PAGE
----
President Trump and Africa: we won’t matter very much

Barack Obama is out of the White House after eight years occupancy. Donald Trump is the new occupant for the next four years.

Barack Obama is out of the White House after eight years occupancy. Donald Trump is the new occupant for the next four years.

The two men could not be more apart and their coming to the White House could not have been more different.


Obama arrived on a wave of euphoria and unbounded optimism built on hope and the promise to change America and the world. He was not going to be the chief exporter of democracy overseas. He was going to scale back on wars abroad. He was the man to repair old alliances and build new ones.


He was the smart guy who could move a crowd like no other. He could speak with the passion of a born-again preacher or the conviction of a campaigner for a cause, but also with the reflective detachment of the academic.


The man even got a Nobel Peace Prize before he even started work.

Then he made a tour of the world, making his trade mark speeches. Two of these were in Africa. In Cairo, he reached out to Islam. In Accra, he gave the famous prescription: Africa does not need strong men but strong institutions.

Soon he settled into office. Change did not come, certainly not at the pace and in quantities that had been expected. Promises were not kept. Of course some things were done. And now he is out of office.

Donald Trump has come on clouds of controversy. For him, no euphoria, but rather, anxiety and uncertainty. He campaigned on the fear and insecurity of white working class Americans. He broke nearly every convention but still got elected. He might even be indebted to Russia, America’s number one enemy, for his victory. And the man glories in causing offence.

Where Obama was reflective, Trump is impulsive. Where Obama was calm even under fire and responded in measured ways, Trump is angry and swings wildly at his attackers, real and perceived.

The only resemblance between the two men is their professed desire to change America. But then that has been the promise of every American president.

When Obama became president of the United States, most people in Africa were jubilant. Here was one of our own governing the most powerful country on earth. Expectations were high that Africa would get a good deal from their son. Of course, it was a projection of tribal solidarity that we see often when a son of the soil becomes president. There is so much jubilation as if the whole tribe would benefit from his being in that office.

In office, Obama kept Africa at arm’s length. Africa did not feature very much in his policies. There was, of course, the usual lecture about democracy and human rights, but little else. He was content to let activists in the State Department and their media and NGO accomplices shape the policy.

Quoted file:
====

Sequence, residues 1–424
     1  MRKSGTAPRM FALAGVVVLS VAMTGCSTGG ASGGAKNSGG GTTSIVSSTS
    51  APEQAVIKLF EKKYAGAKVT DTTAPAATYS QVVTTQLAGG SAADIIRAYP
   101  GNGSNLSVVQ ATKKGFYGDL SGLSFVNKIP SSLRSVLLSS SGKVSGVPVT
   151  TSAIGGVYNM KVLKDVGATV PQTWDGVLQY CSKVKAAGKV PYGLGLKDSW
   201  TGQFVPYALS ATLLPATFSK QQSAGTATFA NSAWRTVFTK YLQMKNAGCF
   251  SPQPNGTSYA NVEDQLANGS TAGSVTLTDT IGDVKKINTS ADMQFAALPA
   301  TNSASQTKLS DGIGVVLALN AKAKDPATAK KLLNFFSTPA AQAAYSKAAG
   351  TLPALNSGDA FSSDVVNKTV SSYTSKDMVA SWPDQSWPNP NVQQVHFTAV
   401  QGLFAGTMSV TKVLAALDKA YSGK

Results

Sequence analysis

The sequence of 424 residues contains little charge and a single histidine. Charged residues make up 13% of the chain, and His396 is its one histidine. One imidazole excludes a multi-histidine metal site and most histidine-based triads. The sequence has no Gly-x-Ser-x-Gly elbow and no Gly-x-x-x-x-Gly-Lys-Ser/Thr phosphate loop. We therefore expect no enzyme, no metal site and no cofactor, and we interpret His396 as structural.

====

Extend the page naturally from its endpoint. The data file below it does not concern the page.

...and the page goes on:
In this he wasn’t different from ‘tribal’ presidents. The tribe that was euphoric at the victory of their son get very little from his occupancy of the top job. Their lives don’t change; they may actually get worse. Sometimes they are even forgotten altogether until the next election. Meanwhile, the son of the soil, now in power, shares the table with fellow big chiefs from ‘enemy’ tribes.

There are no such illusions with Donald Trump. After all, he is not one of us and so there are almost no expectations. With his ‘America first’ we know where we stand and what things he is likely to do.

We know, for instance, that he will drive a hard bargain for anything we may want from America. He has not said much about AGOA, but with his protectionist stance, that may be in danger. It might only be saved by the fact that it does not threaten American industry or jobs.

He will also probably ignore Africa, cut back on aid, but generally not interfere. Which may not be a bad thing. We can go about our business without having to justify our actions to some overseer. We may also have to learn to expect little from outside and depend more on ourselves. That might make us more creative and innovative.

President Trump is unlikely to preach democracy with the same missionary zeal as some of his predecessors and so will not force the US brand or values on the rest of us. He is probably not a true believer himself.

In four years’ time, we will be looking back on the reigns of the two men and decide which of the two will have been more beneficial to Africa. The results might be surprising.

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